Should We Worry About Technological Unemployment?
Technological unemployment is the loss of jobs caused by technological change. Such change typically includes the introduction of labor-saving machines or more efficient processes. Historical examples include artisan weavers reduced to poverty after the introduction of mechanized looms. A contemporary example of technological unemployment is the displacement of retail cashiers by self-service tills.
That technological change can cause short-term job losses is widely accepted. The view that it can lead to lasting increases in unemployment has long been controversial. Participants in the technological unemployment debates can be broadly divided into optimists and pessimists.
Optimists agree that innovation may be disruptive to jobs in the short term, yet hold that various compensation effects ensure there is never a long-term negative impact on jobs. Whereas pessimists contend that at least in some circumstances, new technologies can lead to a lasting decline in the total number of workers in employment.
The phrase “technological unemployment” was popularized by Lord Keynes in the 1930s. Yet the issue of machines displacing human labor has been discussed since at least Aristotle’s time.
Technological unemployment occurs when the technological change causes some workers to lose their jobs.
Technological unemployment is considered to be part of a wider concept known as structural unemployment.
When labor-saving machines are introduced into the productive process, a firm can get rid of workers and produce the same amount of goods than before. Therefore some workers can lose their job.
Overall Impact on Unemployment
Technological change doesn’t have to increase overall unemployment, even though some types of workers may temporarily lose their jobs.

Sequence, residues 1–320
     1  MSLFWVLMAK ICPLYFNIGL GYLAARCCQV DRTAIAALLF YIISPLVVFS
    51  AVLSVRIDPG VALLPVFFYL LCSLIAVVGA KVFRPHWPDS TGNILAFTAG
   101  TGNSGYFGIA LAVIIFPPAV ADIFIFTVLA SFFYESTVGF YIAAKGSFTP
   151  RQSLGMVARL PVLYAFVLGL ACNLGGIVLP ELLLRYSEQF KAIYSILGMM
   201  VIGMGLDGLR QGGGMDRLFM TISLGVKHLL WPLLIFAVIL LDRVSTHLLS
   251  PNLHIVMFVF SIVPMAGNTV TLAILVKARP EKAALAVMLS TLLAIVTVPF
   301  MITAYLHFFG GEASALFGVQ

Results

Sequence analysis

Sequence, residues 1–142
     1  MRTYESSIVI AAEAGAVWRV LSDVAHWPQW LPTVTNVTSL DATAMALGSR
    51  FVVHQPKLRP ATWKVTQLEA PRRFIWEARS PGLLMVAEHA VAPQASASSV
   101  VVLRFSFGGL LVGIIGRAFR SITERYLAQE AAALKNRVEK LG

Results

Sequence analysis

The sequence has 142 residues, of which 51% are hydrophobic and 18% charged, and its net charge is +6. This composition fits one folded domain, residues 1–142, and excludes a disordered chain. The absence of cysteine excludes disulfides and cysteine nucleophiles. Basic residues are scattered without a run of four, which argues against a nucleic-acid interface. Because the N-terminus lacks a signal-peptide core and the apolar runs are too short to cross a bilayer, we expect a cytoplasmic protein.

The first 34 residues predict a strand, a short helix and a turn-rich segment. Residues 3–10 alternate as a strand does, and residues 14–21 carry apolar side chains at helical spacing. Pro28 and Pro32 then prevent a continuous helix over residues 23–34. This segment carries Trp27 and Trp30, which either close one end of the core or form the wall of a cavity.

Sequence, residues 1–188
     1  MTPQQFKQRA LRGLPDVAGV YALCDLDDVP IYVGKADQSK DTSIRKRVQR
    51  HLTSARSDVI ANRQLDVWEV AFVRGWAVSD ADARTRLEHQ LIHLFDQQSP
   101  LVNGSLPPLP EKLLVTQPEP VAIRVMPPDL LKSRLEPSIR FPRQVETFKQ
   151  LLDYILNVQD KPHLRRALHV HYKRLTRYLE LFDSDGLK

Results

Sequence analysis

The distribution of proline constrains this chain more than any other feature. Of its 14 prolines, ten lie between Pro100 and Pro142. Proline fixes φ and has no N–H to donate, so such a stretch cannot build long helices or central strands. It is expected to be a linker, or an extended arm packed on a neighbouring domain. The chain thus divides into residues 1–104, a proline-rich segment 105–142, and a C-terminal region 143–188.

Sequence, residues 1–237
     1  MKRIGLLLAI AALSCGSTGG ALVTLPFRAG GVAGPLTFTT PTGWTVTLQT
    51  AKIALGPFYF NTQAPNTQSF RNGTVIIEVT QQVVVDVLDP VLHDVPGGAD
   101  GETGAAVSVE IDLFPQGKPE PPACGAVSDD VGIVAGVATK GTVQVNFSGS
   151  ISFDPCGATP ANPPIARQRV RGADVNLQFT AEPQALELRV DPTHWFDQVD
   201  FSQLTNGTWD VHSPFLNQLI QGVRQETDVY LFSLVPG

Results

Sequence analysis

For example, in 1800, the majority of British workers were employed in agriculture. Labor saving technology meant that food could be produced with less workers and so some agricultural laborers lost their jobs as farms used more machines.
However, as jobs were lost in agriculture, new jobs were created in producing machines.
Similarly, advances in computers and robots meant that firms could produce manufactured goods with fewer workers. The increased productivity in manufactured goods meant that the relative cost fell, giving more opportunities for people to work in the service sector.
Why does technological change not cause unemployment?
Let us suppose, technological change means we can produce food with fewer workers. Therefore, it is cheaper to produce food and the price of food should fall.
This means that people can spend a smaller percentage of their income on buying food. Therefore, people have more money to spend on other goods and services.
This increased demand for manufactured goods causes higher demand, and therefore there will be a higher demand for workers.
Technological innovation merely changes the types of jobs that occur in the economy. If labor productivity increases, we can enjoy a greater range of goods and services.
In 1920, there were 1.2 million coal miners in the UK. Technological change was a factor in the number employed fall to less than 5,000 in 2012. (decline of UK Coal)
Why can Technological change increase unemployment?
If labor markets are flexible, then technological change will not cause unemployment. However, if there are labor market inflexibilities, then it can cause unemployment – at least, for a certain time period.
For example, due to technological change, coal miners may lose their jobs. However, due to occupational and geographical immobilities, they may be unable to take new jobs in the service sector. (e.g. a miner may not have skills to work in computers; he may find it hard to relocate).
In this case, technological change can cause a temporary increase in unemployment – which will last until the coal miners develop greater skills and ability to move.